Grappling With the Complexities of Beliefs About Women and Abortion: Does Ambivalent Sexism Relate to Abortion Attitudes?
Methods: This secondary data analysis examines data collected from a web-based survey of undergraduate students (N = 626) from six U.S. colleges and universities. Participants answered both demographic and attitudinal questions, which among other measures included the 22-item Ambivalent Sexism Inventory (ASI) and five questions on abortion attitudes. Responses to ASI and abortion questions were recoded and factored accordingly, and three OLS multivariate models were run with sociodemographic variables included in all models as control variables. The first model examined the full ASI scale as a predictor of anti-choice attitudes, followed by two OLS regression models that examined relationships between hostile and benevolent sexism individually with anti-choice attitudes.
Results: The first model found that increases toward higher levels of sexism were predictive of increases in anti-choice attitudes (p < .001), with 24.4% of the variability in anti-choice attitudes explained by the overall model. The second model examined the relationship between hostile sexism and anti-choice attitudes, and found that increases in hostile sexism were associated with increases in anti-choice attitudes (p = .002), with 24.1% of the variability in anti-choice attitudes explained. The final model evaluated benevolent sexism’s relationship to anti-choice attitudes, and found that increases in benevolent sexism were additionally associated with increases in anti-choice attitudes (p = .004), with 24.0% of the variability in anti-choice attitudes explained. Demographic control variables functioned across each of the models in ways that were expected based on previous literature on abortion attitudes.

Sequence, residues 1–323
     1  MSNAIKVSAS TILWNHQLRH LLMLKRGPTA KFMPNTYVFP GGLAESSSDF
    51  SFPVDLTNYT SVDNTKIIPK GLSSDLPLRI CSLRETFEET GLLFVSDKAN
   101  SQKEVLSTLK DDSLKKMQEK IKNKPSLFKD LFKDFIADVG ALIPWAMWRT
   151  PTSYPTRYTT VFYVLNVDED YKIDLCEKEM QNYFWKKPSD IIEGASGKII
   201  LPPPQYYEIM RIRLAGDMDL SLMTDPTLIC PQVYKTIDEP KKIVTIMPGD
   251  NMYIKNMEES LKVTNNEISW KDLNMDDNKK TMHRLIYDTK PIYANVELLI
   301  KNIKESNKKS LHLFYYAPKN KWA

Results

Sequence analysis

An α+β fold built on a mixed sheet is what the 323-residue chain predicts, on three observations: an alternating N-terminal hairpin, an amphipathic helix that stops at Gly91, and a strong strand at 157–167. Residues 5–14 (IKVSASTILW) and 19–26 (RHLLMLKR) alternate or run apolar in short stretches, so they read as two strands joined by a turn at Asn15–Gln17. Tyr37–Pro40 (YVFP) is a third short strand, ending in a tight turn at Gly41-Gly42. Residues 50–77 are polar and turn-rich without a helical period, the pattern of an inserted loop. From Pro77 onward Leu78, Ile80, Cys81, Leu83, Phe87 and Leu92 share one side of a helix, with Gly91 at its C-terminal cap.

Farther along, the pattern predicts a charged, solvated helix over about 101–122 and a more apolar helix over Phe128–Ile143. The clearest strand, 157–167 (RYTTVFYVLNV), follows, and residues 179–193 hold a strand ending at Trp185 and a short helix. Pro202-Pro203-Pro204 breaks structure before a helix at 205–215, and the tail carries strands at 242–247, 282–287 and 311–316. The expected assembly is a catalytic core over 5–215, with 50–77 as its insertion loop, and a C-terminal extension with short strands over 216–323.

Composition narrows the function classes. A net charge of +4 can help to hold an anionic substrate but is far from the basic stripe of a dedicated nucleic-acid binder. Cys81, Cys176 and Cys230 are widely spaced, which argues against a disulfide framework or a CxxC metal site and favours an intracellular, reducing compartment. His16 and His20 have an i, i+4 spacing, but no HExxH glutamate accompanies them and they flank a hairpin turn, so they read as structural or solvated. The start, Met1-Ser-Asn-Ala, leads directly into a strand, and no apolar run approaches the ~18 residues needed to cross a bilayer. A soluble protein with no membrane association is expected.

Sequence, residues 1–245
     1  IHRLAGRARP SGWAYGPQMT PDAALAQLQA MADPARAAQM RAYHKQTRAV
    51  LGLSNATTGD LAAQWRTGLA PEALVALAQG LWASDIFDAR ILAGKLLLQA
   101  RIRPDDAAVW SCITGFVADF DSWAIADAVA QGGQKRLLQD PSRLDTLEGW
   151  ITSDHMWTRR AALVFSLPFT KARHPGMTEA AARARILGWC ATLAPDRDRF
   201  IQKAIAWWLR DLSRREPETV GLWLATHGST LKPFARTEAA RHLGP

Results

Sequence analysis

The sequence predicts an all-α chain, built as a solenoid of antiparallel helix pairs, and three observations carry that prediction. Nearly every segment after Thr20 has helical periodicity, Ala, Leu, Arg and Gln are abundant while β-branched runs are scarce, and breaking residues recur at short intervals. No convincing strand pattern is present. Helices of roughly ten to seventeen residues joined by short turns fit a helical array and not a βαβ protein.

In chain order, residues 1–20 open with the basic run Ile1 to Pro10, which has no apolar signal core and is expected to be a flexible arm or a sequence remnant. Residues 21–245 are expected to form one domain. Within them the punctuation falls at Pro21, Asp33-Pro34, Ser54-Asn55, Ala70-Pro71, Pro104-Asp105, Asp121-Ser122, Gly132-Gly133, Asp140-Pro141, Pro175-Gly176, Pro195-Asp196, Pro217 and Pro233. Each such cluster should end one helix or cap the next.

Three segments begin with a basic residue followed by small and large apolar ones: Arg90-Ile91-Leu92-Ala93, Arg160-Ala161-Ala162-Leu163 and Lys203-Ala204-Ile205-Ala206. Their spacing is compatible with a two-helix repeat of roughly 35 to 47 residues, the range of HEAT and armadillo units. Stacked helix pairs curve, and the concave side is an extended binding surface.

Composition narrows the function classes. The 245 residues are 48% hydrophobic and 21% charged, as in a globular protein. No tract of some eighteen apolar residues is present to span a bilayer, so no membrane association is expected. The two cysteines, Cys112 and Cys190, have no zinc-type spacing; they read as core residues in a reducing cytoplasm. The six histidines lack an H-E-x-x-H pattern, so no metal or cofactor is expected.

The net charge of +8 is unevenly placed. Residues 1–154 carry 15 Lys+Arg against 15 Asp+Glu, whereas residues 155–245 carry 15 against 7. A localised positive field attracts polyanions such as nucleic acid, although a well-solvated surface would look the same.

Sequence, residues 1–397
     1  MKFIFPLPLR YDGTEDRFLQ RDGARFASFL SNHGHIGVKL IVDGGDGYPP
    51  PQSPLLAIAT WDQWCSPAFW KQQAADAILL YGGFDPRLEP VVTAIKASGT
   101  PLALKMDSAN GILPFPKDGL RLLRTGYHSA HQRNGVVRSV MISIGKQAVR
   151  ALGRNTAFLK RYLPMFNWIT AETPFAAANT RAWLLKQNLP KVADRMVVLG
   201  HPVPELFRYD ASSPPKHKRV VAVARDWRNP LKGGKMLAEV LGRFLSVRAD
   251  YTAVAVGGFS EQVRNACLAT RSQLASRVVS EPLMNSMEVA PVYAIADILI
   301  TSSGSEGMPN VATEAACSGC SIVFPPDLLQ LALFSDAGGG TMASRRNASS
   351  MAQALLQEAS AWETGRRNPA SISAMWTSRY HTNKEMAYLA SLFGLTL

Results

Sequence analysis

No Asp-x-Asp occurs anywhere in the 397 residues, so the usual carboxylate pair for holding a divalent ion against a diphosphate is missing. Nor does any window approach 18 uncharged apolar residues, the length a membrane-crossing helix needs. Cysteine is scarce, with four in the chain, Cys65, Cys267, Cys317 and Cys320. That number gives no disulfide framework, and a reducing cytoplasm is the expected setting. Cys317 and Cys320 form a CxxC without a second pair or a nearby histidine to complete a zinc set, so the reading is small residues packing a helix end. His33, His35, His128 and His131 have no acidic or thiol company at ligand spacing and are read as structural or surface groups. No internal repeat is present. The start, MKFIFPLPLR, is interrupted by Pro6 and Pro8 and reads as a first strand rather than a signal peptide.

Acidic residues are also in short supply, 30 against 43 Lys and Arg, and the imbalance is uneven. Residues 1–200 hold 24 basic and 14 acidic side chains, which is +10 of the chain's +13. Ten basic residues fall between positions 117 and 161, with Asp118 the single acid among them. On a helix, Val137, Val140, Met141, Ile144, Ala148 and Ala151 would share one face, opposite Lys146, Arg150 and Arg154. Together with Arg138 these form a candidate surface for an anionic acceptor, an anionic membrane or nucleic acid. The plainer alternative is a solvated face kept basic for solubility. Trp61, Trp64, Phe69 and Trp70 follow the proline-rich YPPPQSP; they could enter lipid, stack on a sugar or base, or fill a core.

Conclusions: Findings supported our preliminary hypothesis that as individuals increasingly endorse sexist ideals, they tend to also increasingly endorse anti-choice attitudes. Since we found statistically significant relationships between both hostile and benevolent sexism subdomains and anti-choice attitudes, this suggests that sexism, regardless of whether it is justified through old-fashioned, hostile rhetoric or through a “kinder, more gentler,” benevolent rhetoric, continues to play a significant role in the opposition to abortion rights for women. Implications may extend beyond a greater understanding of how sexism and abortion attitudes are typically associated. Similar attitudinal complexities may also be seen as issues pertaining to women and/or abortion appear in social work practice and education settings. Findings may thus suggest more nuanced ways by which such dynamics may be further evaluated through social work research.